Newest ferry going to Port Townsend, not Point Defiance

Boat builders are about ready to turn over the third and final new 64-car ferry to Washington State Ferries.

The Kennewick, built by a consortium led by Vigor Shipyards, is at Everett Shipyard this week for final outfitting and testing. It began sea trials late last week. Vigor will demonstrate the vessel to Washington State Ferries and the Coast Guard on Wednesday through Friday, and the state is tentatively scheduled to accept it from Vigor by the end of the month.

Then there’ll be several weeks of post-delivery sea trials and crew familiarization before the Kennewick goes into service in January. It will be assigned to the Port Townsend-Coupeville route, not Point Defiance-Tahlequah, as many expected. The Chetzemoka and Salish had both been assigned to Port Townsend through the peak season, which ends Monday (Oct. 10). The Salish will stay while the Chetzemoka, which has been operating since November 2010,  goes into dry dock for maintenance, repairs and modifications.

When the Kennewick stars running in January, the Salish will become the backup boat. The Chetzemoka will replace the 48-car, 64-year-old Rhododendron at Point Defiance. They’re doing it that way because the Salish and Kennewick are more identical with parts and crews easily interchangeable. In particular, they both have variable-pitch propulsion systems that make it easier to get into Keystone Harbor while the Chetzemoka doesn’t.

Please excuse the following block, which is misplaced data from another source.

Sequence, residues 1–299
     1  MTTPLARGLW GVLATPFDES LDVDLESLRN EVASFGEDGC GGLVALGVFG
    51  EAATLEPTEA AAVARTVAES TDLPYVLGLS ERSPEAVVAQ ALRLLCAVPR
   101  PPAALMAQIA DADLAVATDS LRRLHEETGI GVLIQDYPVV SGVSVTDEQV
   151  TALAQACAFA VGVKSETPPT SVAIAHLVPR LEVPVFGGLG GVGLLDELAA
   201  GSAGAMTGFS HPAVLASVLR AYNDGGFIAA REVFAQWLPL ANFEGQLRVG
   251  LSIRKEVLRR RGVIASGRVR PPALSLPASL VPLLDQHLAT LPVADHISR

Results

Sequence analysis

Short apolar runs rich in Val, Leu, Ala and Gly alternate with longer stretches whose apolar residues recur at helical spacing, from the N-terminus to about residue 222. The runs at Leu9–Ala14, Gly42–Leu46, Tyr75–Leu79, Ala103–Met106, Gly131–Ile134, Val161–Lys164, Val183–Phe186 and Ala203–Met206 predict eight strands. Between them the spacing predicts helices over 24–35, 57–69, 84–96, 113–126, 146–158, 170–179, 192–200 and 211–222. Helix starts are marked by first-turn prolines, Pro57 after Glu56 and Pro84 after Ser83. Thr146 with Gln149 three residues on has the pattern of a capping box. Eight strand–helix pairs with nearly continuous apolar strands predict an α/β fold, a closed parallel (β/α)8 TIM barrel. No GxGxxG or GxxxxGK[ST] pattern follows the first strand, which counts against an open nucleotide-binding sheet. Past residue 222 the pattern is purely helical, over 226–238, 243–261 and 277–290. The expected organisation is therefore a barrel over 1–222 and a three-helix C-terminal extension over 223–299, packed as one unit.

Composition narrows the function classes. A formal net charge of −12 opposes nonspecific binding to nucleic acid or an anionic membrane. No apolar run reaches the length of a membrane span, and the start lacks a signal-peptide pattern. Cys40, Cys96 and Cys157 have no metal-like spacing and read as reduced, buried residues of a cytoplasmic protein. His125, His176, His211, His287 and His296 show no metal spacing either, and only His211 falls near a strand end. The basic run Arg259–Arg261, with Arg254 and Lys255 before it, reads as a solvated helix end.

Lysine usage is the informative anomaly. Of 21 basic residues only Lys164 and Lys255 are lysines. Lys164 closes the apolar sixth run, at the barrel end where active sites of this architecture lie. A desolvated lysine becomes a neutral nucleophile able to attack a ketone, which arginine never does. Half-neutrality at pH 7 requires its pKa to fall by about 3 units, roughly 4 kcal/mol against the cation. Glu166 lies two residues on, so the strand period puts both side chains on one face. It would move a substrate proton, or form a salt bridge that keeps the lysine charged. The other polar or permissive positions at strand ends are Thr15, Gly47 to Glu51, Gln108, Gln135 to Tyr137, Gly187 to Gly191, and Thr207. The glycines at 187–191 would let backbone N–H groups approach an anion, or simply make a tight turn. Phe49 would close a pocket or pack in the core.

That makes some sense. The only thing that seems weird is Port Townsend pushed so hard to get the Chetzemoka named for a famous Indian chief there, and now the boat won’t be there.

Washington State Ferries said the 64-car ferries are coming in ahead of schedule and under budget. The budget is $213.2 million for the three of them.

WSF and Vigor should also be close to finishing negotiations on the price of the first 144-car ferry.

 

 

3 thoughts on “Newest ferry going to Port Townsend, not Point Defiance

  1. The three vessels are all the same class, built as a class, from the same model, but have different propulsion systems?

    What happened to commonality?

  2. The Chetzemoka was built first, and the propeller anomaly was discovered during trials. At that point the other two were at the point where the propeller could be modified. Or so I’m told.

  3. Actually the M/V Chetzamoka is currently going San Juan inter-island as of tomorrow. But leave it to the BS to not have all the facts upon the story deadline. One could always look it up on your I-Phone app, but that is so ’80’s. New crews who have NEVER worked on the Chetz, new run (car spinning & all) should make for an interesting week in the islands, Go Chetzie, Go Chetzie, they say it’s your birthday.
    Go Chetzie !

Comments are closed.